Again, this is boxing. We’re not dealing with statesmen or diplomats, we’re not asking Henry Kissinger to be part of the boxing contingent. We’re dealing with a certain type of person and a certain type of outlook.

Recently the Fury’s have been challenging to like, but I admire them because of their fortitude in their sport. I certainly don’t expect them to be upstanding statesmen. I don’t hold them to that level. They are what they are. I don’t sit there with this confected disgust and revulsion at the ridiculousness of their antics, I’m just disappointed they get so much coverage as a result of it – even if the irony of me doing the same isn’t lost on me.

The heavyweight champion of the world was once the greatest accolade, the pinnacle of sport and ideally you’d like it to represent society and its best values but I’m not convinced it ever has really.

Fury is simply a product of – and indicative of – our society which can be thuggish, boorish, entitled and arrogant. Not to mention often rude, disrespectful, binary, one dimensional and myopic. So while it is disappointing, is it really any surprise the heavyweight champion of the world behaves that way at times?

This is the carnival of horrors with John Fury at the front of it all for some reason

This is the carnival of horrors with John Fury at the front of it all for some reason

I’m no fan of the banality and vulgarity of some of his outbursts, nor of people who can only take praise and not criticism. But again, that’s society.

Somehow substance and standards have been replaced by silly, immature outlooks. Fury assumes a role for the media whilst being surrounded by lickspittles and sycophants who tells him he’s right even when he’s wrong, encouraging anti-social and unpleasant behaviour.

I must add though that we see far less controversy and poor behaviour from boxers than we do from footballers who are seemingly endlessly getting themselves into scraps

But once the circus is packed away and it’s fight night, we’ll see the best version of Fury the boxer.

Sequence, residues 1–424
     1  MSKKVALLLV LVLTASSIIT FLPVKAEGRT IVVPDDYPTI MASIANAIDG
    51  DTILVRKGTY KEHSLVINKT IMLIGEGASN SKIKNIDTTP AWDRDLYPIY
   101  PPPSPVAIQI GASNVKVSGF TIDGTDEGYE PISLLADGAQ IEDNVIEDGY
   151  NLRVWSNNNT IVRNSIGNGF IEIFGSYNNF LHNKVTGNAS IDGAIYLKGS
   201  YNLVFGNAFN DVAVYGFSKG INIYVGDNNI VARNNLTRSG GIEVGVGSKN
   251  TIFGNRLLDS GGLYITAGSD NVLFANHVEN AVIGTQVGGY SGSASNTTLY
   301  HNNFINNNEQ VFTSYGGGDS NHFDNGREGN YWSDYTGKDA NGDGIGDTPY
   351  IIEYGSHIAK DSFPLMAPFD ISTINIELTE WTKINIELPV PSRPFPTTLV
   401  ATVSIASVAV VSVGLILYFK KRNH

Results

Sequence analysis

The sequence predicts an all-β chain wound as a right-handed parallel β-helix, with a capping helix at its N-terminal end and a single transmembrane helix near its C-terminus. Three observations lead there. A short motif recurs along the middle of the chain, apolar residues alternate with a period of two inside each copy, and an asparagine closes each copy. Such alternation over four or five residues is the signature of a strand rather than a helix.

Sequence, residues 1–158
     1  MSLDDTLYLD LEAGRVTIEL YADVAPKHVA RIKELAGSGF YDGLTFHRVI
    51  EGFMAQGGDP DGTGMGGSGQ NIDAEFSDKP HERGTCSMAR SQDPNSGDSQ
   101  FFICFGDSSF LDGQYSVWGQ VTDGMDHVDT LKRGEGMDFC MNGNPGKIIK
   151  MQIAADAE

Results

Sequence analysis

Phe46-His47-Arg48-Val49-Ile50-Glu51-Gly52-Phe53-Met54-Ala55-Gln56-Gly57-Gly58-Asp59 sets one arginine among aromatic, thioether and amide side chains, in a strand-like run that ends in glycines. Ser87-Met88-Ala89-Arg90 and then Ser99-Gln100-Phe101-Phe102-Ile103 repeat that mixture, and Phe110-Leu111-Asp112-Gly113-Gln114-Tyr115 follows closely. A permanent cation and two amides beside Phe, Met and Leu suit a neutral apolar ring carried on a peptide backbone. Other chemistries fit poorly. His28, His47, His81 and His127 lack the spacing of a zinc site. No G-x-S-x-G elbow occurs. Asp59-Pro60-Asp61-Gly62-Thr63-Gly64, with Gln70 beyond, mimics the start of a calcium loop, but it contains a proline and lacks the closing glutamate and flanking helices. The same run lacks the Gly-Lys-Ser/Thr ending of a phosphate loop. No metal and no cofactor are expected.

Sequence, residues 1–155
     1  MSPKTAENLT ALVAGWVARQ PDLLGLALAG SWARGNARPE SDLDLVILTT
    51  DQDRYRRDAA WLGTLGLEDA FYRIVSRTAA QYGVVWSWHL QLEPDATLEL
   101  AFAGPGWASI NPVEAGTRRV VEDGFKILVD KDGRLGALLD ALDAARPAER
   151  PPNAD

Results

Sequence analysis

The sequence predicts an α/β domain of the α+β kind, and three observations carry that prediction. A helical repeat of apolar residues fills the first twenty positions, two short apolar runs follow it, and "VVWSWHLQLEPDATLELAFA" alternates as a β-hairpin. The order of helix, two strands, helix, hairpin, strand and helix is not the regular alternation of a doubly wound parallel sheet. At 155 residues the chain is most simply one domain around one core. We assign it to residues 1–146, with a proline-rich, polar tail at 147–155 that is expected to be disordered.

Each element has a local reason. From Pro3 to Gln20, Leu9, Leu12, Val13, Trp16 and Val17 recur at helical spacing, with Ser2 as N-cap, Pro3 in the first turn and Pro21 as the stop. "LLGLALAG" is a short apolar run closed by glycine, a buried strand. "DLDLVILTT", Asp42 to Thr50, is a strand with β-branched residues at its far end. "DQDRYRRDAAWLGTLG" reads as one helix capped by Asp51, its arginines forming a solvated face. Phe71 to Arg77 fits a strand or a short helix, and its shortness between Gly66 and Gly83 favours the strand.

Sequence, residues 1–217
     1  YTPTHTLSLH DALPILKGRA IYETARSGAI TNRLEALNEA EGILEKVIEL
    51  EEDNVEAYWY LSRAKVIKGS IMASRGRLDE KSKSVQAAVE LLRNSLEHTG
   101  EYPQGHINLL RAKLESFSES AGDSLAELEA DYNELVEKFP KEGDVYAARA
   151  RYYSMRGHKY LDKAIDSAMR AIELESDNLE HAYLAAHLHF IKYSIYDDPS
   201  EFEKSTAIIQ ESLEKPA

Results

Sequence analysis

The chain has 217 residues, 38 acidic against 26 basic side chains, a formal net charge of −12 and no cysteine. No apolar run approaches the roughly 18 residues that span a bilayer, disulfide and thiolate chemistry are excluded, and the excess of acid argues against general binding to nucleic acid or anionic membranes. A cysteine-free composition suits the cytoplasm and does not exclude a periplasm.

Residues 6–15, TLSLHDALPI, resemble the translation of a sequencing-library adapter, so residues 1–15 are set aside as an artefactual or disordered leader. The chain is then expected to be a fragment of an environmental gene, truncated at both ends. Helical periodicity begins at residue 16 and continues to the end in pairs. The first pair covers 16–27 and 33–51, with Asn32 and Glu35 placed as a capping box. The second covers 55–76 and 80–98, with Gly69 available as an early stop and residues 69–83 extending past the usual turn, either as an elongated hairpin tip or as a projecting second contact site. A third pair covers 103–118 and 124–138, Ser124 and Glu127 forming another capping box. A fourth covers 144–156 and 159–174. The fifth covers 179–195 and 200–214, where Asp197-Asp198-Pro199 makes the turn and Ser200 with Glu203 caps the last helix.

I think he’ll beat Usyk but there will be a lot of people in this country who would like to see him lose. That is something of a tragedy because whatever he isn’t and whatever he is, Fury is British.

We should be cheering on our champions – it feels perverse not to – but the more people I listen to, the more it appears the nation is not behind this particular champion and perhaps never will be. That is a great shame but no great surprise given the way he and his family sometimes behave. Maybe, given his recent proclamations that he is treated like royalty in Saudi and shouldn’t have to queue up at airports such is his importance, he will end up there one day.

I actually hope the charming, witty and enigmatic Fury I met a while ago re-emerges and inhabits that role with some dignity and style when, as I believe he will, he becomes the undisputed heavyweight Champion of the world.

Stadium progress vital for fans 

I’m a great believer in the value and tradition of things but sentimentality is sometimes a wasted emotion that hold backs progress.

Nottingham Forest’s owner Evangelos Marinakis remains committed to a move away from the City Ground, prompting the inevitable emotional response from fans.

But once you get past the initial, visceral reaction from fans – which is understandable because you can’t claim sport runs on emotion and then deny the emotion that people have towards certain parts of it – the fact is that clubs have to progress. Like everything else, we expect them to evolve and if you cannot evolve within the confines of the footprint of your existing stadium then, unfortunately, a move has to be accepted. It’s the nature of the beast of modern sport.

As long as the club and its values remain the same, then all you’re doing is changing a piece of real estate to put yourself in the best position to make yourself prepared for the next opportunities that come your way.